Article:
More than 300 roosters and hens were brought to a county animal shelter Sunday afternoon to be housed while animal control conducts an investigation.
Lied Animal Shelter spokesman Jason Smith said the last time a large number of roosters were held at the facility was in March 2006, when about 170 roosters were seized from a home in the 2600 block of Gateway Road, near Carey Avenue and Lamb Boulevard. The roosters seized in 2006 were found to be part of a cockfighting operation.
According to Las Vegas police 911 call records, on Sunday morning an animal complaint was made pertaining to a home in the same block as the 2006 raid. Police and animal control officials would not comment on the case.
Cockfighting, a form of animal fighting in which a rooster usually dies and is then disposed of, is illegal is all 50 states.
Dr. Randall Lockwood, senior vice president for the American Society for the Prevention of Cruelty to Animals, said hundreds of cockfighting and dog fighting operations are broken up each week in the United States.
Officials with Clark County Animal Control said that locally, raids occur only about three or four times a year.
No arrests in relation to Sunday’s bird seizure had been made as of Monday afternoon.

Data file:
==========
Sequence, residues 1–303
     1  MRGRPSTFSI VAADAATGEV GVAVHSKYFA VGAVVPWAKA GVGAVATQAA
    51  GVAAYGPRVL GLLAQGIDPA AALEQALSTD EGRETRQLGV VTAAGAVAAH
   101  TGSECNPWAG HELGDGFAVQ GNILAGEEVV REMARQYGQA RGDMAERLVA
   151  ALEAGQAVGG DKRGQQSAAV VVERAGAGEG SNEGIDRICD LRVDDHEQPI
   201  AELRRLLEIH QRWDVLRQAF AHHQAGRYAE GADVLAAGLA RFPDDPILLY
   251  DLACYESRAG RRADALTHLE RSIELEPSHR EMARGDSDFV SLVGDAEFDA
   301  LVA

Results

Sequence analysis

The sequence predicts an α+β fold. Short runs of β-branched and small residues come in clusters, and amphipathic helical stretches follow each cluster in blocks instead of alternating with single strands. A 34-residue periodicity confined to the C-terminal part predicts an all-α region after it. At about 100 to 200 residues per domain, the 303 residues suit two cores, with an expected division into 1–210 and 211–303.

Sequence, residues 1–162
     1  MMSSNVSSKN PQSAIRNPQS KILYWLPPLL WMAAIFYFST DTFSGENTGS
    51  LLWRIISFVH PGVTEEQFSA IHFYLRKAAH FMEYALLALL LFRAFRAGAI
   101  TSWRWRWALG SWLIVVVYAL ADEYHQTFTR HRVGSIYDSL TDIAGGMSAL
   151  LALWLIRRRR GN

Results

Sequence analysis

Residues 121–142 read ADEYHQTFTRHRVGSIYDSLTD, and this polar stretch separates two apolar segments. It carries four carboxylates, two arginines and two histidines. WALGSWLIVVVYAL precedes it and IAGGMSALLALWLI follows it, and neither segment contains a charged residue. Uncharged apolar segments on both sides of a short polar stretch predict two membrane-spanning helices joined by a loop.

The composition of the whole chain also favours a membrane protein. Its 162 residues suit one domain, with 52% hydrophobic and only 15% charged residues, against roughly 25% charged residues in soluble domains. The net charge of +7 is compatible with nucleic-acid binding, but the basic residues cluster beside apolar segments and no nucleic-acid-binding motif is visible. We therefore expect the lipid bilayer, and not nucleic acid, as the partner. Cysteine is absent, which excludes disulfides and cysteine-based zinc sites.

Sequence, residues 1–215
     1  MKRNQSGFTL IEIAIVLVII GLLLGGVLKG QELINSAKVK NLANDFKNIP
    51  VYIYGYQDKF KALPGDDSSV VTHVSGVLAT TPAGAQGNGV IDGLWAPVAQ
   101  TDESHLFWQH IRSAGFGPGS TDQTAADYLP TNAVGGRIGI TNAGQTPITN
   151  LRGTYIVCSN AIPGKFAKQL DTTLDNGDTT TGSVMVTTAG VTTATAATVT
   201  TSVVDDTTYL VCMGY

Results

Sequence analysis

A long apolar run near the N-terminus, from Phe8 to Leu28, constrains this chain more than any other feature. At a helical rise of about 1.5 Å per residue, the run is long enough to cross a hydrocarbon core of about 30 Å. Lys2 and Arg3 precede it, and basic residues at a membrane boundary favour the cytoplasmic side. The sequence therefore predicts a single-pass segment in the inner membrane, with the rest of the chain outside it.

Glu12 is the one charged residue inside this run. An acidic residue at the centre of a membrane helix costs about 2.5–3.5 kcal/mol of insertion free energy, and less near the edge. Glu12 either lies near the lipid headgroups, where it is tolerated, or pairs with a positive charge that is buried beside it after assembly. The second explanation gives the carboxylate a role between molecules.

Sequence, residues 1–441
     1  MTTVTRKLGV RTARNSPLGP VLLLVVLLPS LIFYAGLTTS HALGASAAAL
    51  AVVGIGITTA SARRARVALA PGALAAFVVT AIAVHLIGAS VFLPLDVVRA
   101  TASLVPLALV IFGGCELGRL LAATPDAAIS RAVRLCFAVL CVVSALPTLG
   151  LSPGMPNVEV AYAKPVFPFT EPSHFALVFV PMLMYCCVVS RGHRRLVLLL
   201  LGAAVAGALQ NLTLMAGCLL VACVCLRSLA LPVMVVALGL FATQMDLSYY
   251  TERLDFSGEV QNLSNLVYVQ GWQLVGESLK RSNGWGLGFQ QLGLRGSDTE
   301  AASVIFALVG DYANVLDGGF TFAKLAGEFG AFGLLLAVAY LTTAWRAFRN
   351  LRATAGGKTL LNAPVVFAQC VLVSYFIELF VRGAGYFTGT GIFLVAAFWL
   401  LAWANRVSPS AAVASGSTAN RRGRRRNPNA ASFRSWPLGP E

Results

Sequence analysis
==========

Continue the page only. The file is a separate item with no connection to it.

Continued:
On Sunday, 240 roosters and 90 hens were impounded at the shelter. About 20 birds died en route to the facility or were immediately euthanized because they were in poor health, Smith said.
Each rooster has to be individually housed, and the hens are split into two large pens.
“Animal control is aware of the extreme burden that comes when this happens,” Smith said. “We don’t have the housing facilities for 200-plus birds on hand. We are being overrun.”
David March, a county animal control supervisor, wouldn’t speak about Sunday’s raid, but said the department handles a few cockfighting cases every year.
“I wouldn’t say it’s become any more prevalent,” he said about cockfighting. “It’s a problem that is addressed when they come up,” he said. “They have varied anywhere from a few (roosters) fighting to hundreds.”
In March 2006, Clark County Animal Control brought 177 roosters involved in a cockfighting operation to the shelter. Officers responding to Gateway Road had found an unusually large number of cars parked on the residential road, and people carrying roosters entering and leaving a residence.
Officers found between 50 and 75 people gathered in the backyard and about 100 roosters penned in a cage. One man was arrested and charged with keeping a place for baiting/fighting of animals, a gross misdemeanor.
Smith said the birds were held for about a month before they were all euthanized.
He did not know how long the birds currently at the facility would be held.
In most cases, the birds have to be destroyed because they are too aggressive to be held as pets or weren’t raised as food stock to be used in agriculture, Lockwood said.
He added that Sunday’s seizure is large, but he recalled operations involving as many as 700 roosters in the past.
Contact reporter Maggie Lillis at firstname.lastname@example.org or 702-383-0279.